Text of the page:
It’s still Monday so time for a very quick post about a paper just out in the Journal of the American Medical Association. I’ve blogged before about faecal transplants – giving a patient a dose of faeces from a healthy donor to resolve infection with the diarrhoea-causing bacteria Clostridium difficile.
One of the problems with faecal transplants is the way they are delivered – either by a tube through the nose and into the colon, or the more direct route of up the bum. Researchers at Massachusetts General Hospital in Boston have tried something a little more palatable. They took faecal material, blended it to make a suspension, removed all the particulate matter, added glycerol as a cryoprotectant and then froze it in small amounts inside of capsules that could withstand transit through the acidic environment of the stomach. If you are interested, apparently 48 grams of faecal matter makes 30 capsules.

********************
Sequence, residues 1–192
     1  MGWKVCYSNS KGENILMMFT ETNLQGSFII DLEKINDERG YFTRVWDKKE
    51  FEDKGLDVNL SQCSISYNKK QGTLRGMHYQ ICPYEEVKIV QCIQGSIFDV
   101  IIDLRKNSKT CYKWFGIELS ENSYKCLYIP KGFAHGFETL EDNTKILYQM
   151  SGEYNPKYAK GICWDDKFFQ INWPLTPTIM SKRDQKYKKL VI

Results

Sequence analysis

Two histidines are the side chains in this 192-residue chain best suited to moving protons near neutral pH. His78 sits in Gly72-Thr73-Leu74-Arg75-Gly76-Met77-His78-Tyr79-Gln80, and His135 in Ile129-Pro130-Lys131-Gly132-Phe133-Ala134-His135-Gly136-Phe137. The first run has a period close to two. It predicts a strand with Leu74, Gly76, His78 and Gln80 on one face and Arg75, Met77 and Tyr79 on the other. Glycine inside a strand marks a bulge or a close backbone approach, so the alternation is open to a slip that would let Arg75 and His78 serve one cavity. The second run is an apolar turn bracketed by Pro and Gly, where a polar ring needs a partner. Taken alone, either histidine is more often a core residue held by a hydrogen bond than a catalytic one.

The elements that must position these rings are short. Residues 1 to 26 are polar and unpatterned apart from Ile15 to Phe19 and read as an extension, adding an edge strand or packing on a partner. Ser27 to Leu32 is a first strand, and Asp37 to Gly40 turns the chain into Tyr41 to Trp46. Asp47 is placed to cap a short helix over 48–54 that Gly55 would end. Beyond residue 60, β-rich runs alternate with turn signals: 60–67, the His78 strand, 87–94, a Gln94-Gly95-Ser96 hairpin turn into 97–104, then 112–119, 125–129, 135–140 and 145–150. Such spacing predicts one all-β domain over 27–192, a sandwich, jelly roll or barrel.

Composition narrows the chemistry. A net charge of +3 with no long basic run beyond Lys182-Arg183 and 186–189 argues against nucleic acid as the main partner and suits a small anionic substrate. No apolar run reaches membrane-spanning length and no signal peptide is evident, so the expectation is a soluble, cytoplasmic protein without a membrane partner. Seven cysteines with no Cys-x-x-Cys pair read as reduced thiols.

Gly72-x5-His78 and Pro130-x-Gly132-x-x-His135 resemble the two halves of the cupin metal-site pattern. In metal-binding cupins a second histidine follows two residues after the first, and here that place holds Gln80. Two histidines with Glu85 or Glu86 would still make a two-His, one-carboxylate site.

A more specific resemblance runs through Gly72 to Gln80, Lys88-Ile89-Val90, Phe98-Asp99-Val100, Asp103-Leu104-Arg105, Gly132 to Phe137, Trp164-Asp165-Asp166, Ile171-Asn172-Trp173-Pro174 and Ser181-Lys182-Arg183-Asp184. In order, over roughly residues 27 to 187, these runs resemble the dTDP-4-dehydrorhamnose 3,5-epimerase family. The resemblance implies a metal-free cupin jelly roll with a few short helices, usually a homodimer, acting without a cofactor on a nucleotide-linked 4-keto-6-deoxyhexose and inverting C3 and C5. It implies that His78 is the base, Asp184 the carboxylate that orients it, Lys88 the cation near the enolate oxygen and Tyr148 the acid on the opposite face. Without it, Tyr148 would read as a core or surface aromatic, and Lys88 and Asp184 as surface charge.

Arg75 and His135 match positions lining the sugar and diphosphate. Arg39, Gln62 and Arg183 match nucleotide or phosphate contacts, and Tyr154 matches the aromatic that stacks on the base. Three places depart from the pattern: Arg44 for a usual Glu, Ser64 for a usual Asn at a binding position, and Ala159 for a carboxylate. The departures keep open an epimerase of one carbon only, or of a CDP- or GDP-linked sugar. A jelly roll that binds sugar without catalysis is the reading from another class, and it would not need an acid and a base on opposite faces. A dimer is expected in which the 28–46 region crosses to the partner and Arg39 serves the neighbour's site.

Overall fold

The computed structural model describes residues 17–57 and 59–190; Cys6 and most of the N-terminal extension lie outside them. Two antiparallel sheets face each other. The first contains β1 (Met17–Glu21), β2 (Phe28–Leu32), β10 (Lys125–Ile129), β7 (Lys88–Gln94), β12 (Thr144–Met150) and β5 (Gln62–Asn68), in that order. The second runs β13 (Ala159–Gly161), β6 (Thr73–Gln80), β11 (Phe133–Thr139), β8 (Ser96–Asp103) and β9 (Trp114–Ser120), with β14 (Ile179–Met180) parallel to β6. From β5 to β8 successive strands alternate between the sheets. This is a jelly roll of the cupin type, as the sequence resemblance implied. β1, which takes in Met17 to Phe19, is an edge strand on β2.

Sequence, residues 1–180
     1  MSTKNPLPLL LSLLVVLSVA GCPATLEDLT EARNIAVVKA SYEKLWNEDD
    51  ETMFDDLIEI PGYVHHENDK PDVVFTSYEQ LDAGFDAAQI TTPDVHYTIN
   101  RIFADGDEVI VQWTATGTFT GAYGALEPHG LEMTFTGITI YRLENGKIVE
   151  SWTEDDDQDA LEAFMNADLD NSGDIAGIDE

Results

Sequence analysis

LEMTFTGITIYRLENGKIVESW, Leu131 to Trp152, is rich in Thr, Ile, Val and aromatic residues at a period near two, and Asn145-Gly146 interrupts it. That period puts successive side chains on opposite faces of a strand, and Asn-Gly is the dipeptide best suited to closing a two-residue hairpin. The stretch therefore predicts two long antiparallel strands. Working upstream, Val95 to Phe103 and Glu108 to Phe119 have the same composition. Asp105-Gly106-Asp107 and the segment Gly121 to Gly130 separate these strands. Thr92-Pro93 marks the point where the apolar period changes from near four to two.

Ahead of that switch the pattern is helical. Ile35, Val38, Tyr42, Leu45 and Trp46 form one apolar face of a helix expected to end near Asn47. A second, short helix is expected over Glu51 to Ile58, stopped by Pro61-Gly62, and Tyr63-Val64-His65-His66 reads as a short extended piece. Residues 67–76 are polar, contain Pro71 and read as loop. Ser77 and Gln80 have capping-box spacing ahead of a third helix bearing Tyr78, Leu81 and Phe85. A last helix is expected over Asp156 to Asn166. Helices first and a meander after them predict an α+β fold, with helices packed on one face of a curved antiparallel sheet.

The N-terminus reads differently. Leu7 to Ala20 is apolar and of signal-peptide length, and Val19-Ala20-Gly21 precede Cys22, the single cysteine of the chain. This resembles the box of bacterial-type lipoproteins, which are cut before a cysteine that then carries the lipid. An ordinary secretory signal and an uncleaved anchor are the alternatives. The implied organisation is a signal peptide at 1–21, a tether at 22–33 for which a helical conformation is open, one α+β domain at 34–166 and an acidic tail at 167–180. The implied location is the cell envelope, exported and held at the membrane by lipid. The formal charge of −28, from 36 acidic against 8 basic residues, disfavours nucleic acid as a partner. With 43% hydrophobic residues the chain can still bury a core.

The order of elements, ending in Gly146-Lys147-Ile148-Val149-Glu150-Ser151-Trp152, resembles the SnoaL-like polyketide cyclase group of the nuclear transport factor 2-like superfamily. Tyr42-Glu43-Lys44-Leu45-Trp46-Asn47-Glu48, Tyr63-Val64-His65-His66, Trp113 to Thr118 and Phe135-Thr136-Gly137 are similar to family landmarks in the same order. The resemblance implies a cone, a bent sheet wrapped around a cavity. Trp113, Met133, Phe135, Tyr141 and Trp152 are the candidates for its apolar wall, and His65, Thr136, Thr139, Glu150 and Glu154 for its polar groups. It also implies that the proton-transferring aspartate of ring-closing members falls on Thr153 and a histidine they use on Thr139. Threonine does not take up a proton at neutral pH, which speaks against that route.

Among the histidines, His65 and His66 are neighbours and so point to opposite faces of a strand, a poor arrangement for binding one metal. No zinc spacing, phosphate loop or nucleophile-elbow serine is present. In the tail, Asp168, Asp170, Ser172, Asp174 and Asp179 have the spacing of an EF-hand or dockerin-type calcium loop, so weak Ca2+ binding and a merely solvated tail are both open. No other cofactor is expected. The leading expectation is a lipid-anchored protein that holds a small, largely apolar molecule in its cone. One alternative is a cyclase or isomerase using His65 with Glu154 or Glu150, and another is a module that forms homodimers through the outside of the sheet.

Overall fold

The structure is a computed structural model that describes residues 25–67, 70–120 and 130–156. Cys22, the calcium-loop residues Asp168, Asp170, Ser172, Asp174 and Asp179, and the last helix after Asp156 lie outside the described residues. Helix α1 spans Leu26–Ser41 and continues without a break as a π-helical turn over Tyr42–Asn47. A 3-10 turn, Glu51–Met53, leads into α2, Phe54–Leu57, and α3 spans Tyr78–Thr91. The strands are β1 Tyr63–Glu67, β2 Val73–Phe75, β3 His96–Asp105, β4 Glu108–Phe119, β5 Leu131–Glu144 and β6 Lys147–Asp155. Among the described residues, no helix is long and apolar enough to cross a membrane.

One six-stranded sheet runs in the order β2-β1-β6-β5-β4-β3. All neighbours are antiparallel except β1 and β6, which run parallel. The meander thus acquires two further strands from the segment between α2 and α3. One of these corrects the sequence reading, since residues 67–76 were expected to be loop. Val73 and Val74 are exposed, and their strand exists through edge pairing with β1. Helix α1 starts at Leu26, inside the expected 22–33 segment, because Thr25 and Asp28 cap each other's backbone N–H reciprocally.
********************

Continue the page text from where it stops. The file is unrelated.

Next the researchers gave the frozen poop capsules to 20 people with C. difficile infection. This involved patients fasting for 4 hours and then taking 15 capsules each day for 2 days. Nobody suffered any serious side effects and that 2 day course of frozen poop pills cured the diarrhoea of 14 of the 20 patients. Of the 6 people who didn’t respond, 4 of them got better after another course of the poop pills, giving an overall success rate of 90%. This is quite promising data, although the study was small and there was no placebo control group.
It will certainly make things easier if the poop needed for faecal transplants doesn’t need to be fresh, and people are definitely more likely to prefer popping pills to tubes up their noses!